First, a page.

unmatched uncertainties. Further, the design is made for multivariable systems, which is

important for the lateral model. With this design we will see that we only need to make

some minor assumptions on the system in (3.2), and we thus achieve the final goal of this

text. The problem formulation considered in this section is not explicitly described in [7],

but is based on the theory presented there. All the results presented in this section can be

reformulated without any loss of generality, such that the proofs in [7] can be used.

3.5.1

Problem formulation

x(t)

(3.104)

y(t) = CT x(t),

where x(t) Rn is the measured system state; Am Rnn is a known Hurwitz matrix

specifying the desired-closed loop dynamics; Bm Rnm is a known full-rank constant

matrix, (Am , Bm ) is observable; C Rnm is a known full-rank constant matrix, (Am , C)

is observable; uad (t) Rm is the control input (m n); Rmm is the uncertain system

input gain matrix; f (t, x) : R Rn Rn is an unknown nonlinear map continuous in its

arguments; and y(t) Rm is the regulated output. The initial states are assumed to be inside

an arbitrarily large known set, that is kx0 k 0 < with known 0 > 0.

Again we consider the system (3.2), now for multiple inputs and outputs. First, we need to

make a minor assumptions on fu ( ).

Assumption 3.5.1 (Linear relationship with respect to u). The function fu (t, x(t), u(t)) : R

Rn Rm Rn is linear and time-varying with respect to u, according to

fu (t, x(t), u(t)) = Breal (t, x(t))u(t),

where Breal (t, x(t)) Rnm is the real unknown time-varying input vector.

If the controller can deal with time-varying Breal -matrix, most cases are probably covered

by this formulation. The new real system formulation becomes:

x(t)

= fx (t, x(t)) + Breal (t, x(t))u(t)

y(t) = CT x(t),

56

(3.105)

where x(t) Rn is the measured system state vector, u(t) Rm is the control signal, y(t)

Rm is the regulated output, Breal (t, x(t)) Rnm is the real unknown input vector, C Rnm

is the known constant output vector, and fx (t, x(t)) : R Rn Rn is the unknown nonlinear

map.

Through modelling and system identification, as described in chapter 2, The linearised system (3.1) is found. Again, we define the identified system matrix Aid , and we define the

identified input vector Bid . We need that (Aid , Bid ) is controllable. As before, the identified

system matrix and input vector will not be able to model the nonlinear system correctly.

However, unlike the previous sections we do not need to make any assumptions to get from

the real system (3.105) to the starting point for the L1 theory (3.104). It is sufficient with some

definitions. First we define:

fx (t, x(t)) := fx (t, x(t)) Aid x,

(3.106)

x(t)) := Breal (t, x(t)) Bid ,

B(t,

(3.107)

where f : R Rn Rn is an unknown nonlinear function, B

and Rm m is an unknown matrix. We see that the use of is not really necessary. It

Substituting for fx and Breal in (3.105) using these definitions, we get

x(t))u(t)

x(t)

= Aid x(t) + Bid u(t) + fx (t, x(t)) + B(t,

(3.108)

y(t) = CT x(t)

As before, we introduce the control structure

u(t) = um + uad , um (t) = KTm x(t),

(3.109)

where Km Rnm makes Am := Aid Bid KTm Hurwitz and specifies the desired closed loop

dynamics, and uad is the adaptive component. Substituting for u(t) in (3.108) using (3.109),

we get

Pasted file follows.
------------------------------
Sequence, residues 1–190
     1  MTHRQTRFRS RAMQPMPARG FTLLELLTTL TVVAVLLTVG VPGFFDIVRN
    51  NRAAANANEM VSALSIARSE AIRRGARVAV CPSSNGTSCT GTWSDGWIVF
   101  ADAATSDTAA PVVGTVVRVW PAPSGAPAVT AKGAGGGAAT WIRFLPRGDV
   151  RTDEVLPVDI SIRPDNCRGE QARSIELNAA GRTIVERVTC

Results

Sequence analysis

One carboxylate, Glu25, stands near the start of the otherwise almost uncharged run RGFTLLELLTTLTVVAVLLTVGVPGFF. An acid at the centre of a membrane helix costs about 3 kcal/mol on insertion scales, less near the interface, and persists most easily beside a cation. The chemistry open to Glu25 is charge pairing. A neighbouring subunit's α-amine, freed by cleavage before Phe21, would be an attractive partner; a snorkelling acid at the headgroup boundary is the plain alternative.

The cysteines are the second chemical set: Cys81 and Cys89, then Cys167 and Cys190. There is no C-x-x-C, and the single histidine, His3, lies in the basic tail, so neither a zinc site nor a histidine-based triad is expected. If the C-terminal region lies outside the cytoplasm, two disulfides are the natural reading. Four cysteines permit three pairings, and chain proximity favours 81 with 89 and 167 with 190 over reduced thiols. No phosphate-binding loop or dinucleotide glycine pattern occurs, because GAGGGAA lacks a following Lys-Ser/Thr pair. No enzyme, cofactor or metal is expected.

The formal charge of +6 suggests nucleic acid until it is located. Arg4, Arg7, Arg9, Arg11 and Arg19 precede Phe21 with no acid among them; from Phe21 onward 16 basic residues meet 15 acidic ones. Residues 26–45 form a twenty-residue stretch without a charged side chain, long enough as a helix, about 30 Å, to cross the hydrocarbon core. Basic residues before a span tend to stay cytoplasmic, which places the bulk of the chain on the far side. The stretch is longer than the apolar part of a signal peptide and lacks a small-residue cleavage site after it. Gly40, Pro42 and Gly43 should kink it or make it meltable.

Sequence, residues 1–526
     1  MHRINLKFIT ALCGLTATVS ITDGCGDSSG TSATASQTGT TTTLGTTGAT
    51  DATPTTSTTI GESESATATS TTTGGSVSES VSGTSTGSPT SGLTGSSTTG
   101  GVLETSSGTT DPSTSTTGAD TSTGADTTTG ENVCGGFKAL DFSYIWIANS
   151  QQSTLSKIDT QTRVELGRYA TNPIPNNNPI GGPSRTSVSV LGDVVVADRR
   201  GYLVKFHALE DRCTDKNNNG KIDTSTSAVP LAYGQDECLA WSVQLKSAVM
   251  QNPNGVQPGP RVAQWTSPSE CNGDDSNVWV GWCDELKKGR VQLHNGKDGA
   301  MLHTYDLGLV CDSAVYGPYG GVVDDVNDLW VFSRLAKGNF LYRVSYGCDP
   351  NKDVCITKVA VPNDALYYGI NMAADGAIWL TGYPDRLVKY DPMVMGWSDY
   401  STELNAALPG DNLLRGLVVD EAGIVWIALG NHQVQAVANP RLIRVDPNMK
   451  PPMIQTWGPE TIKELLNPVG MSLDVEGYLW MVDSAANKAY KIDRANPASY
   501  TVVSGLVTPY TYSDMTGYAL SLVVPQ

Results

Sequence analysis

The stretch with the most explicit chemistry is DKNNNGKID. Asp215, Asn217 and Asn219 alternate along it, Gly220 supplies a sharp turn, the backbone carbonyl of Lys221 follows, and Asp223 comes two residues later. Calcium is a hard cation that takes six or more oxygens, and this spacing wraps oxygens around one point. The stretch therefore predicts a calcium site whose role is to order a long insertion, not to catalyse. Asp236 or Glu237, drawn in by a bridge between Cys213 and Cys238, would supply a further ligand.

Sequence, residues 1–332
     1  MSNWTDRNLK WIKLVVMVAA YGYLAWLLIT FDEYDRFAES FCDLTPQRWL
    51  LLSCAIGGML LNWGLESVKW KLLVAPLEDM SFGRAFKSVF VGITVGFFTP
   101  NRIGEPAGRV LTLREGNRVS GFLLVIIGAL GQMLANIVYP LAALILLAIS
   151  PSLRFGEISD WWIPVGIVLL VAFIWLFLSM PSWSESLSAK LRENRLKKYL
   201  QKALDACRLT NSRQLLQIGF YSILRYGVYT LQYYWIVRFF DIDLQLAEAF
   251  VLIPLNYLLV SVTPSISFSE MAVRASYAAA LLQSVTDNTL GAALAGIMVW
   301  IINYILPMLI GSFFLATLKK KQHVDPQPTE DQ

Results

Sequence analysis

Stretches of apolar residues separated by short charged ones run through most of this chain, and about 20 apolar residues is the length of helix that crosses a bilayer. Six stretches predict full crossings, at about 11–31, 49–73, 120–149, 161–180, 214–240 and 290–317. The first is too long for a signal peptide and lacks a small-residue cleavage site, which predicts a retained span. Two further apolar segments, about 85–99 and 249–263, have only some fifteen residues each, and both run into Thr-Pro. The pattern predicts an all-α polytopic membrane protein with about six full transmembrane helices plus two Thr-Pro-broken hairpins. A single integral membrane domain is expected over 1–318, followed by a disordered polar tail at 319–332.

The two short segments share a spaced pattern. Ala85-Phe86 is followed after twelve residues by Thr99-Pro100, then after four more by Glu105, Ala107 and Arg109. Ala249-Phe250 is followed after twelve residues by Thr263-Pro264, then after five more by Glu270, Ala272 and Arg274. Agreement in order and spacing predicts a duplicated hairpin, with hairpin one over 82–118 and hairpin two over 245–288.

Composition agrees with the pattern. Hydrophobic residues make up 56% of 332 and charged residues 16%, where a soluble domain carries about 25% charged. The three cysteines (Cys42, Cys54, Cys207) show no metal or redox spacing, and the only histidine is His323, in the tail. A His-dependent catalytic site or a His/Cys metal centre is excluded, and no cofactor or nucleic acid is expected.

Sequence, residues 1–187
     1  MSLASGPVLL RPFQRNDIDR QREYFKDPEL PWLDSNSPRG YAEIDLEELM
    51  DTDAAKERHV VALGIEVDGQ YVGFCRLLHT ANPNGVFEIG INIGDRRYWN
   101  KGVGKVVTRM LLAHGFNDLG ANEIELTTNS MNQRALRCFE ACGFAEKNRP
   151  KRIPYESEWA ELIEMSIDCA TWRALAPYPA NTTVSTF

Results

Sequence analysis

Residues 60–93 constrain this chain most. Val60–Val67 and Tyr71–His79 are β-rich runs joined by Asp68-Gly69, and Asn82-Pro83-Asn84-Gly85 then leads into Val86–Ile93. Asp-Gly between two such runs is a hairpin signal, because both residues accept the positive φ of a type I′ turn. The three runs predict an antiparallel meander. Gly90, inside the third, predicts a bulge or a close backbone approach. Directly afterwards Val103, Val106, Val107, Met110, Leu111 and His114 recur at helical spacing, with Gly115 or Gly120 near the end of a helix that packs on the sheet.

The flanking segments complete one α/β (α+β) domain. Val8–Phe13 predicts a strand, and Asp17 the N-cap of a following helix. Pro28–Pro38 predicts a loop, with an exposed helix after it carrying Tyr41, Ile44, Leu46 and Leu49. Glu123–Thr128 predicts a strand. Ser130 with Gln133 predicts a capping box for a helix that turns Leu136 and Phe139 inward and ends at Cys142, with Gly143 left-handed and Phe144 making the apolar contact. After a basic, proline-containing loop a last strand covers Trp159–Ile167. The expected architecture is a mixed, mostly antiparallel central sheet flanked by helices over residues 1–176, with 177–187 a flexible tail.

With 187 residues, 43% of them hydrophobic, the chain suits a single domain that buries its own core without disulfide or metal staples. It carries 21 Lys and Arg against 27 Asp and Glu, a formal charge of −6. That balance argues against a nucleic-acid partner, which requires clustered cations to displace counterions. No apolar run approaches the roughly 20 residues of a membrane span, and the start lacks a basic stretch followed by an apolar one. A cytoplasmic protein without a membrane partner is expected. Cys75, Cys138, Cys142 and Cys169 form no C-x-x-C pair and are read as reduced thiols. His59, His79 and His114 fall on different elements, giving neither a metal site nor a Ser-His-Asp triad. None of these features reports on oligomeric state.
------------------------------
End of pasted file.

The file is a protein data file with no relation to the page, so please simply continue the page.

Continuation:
x(t))(uad KT x(t))

x(t)

= Aid x(t) + Bid (uad KT x(t)) + fx (t, x(t)) + B(t,

m

=

y(t) =

x(t))(uad KTm x(t))

+ B(t,

CT x(t), x(0) = x0

By defining

x(t))(uad KTm x(t)),

f (t, x(t)) := Bid KTm (I )x(t) + fx (t, x(t)) + B(t,

(3.110)

we get

x(t)

= Am x(t) + Bid uad + f (t, x(t)), x(0) = x0

(3.111)

y(t) = CT x(t),

(3.112)

which has the same structure as (3.104). Considering the definition of f in 3.110, we see

a possible problem due to the dependency of uad . uad is dependent on the input r(t) and

nonlinearly on the states x(t). This should thus not be a problem, but it may be difficult to

find the limits for this function.

57

Reformulation

(3.104) can be written as

x(t)

(3.113)

y(t) = CT x(t),

where Bum Rnnm is a constant matrix such that BTm Bum = 0 and rank([Bm , Bum ]) = n;

and f1 : R Rn Rm and f2 : R Rn R(nm) such that

"

h

i1

f1 (t, x(t))

f (t, x(t)).

= Bm Bum

f2 (t, x(t))

(3.114)

In this way, f1 ( ) represents the matched component of the unknown nonlinearities, while

Bum f2 ( ) represents the unmatched uncertainties.

Assumptions

The assumptions needed to prove the theoretical results are almost the same as those for the

case of matched uncertainties. However, some adjustments must be done since we consider

a MIMO-system, and one new assumption is made due to the unmatched uncertainties.

Assumption 3.5.2 (Partial knowledge of uncertain system input gain). The system input

gain matrix is assumed to be an unknown (nonsingular strictly row-diagonally dominant matrix

with sgn(ii ) known. Also, we assume that there exists a known compact convex set such that

Rmm .

Assumption 3.5.3 (Boundedness of fi (t, 0)). There exist Bi0 > 0 such that kfi (t, 0)k Bi0 ,

holds for all t 0, and for i = 1, 2.

Assumption 3.5.4 (Semiglobal uniform boundedness of partial derivatives). For i = 1, 2

and arbitrary > 0 there exist dfxi () > 0 and dfti () > 0 independent of time, such that for all

kxk < , the partial derivatives of fi (t, x) are piecewise-continuous and bounded:

f (t, x)

i

x

dfxi (),

f (t, x)

i

t

dfti (),

(3.115)

where the first is a matrix induced -norm, while the second is a vector -norm.

Assumption 3.5.5 (Stability of matched transmission zeros). The transmission zeros of the

transfer matrix Hm (s) = C(sI Am )1 Bm Kg (s) lie in the open left half plane.

3.5.2

Consider the system in (3.113). The control objective is to design a full-state feedback L1

adaptive controller which ensures that y(t) tracks the output response of a desired system